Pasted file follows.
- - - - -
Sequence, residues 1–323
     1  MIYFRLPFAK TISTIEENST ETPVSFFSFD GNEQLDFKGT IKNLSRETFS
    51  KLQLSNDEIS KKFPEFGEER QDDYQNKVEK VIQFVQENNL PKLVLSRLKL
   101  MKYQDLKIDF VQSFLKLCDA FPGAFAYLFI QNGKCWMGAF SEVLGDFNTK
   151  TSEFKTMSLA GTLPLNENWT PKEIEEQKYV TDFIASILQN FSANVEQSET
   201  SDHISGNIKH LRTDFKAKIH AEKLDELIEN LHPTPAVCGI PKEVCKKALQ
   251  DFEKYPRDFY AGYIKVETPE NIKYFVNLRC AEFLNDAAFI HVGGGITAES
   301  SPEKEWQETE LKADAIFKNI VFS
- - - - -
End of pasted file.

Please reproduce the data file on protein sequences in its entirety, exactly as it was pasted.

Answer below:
Sequence, residues 1–323
     1  MIYFRLPFAK TISTIEENST ETPVSFFSFD GNEQLDFKGT IKNLSRETFS
    51  KLQLSNDEIS KKFPEFGEER QDDYQNKVEK VIQFVQENNL PKLVLSRLKL
   101  MKYQDLKIDF VQSFLKLCDA FPGAFAYLFI QNGKCWMGAF SEVLGDFNTK
   151  TSEFKTMSLA GTLPLNENWT PKEIEEQKYV TDFIASILQN FSANVEQSET
   201  SDHISGNIKH LRTDFKAKIH AEKLDELIEN LHPTPAVCGI PKEVCKKALQ
   251  DFEKYPRDFY AGYIKVETPE NIKYFVNLRC AEFLNDAAFI HVGGGITAES
   301  SPEKEWQETE LKADAIFKNI VFS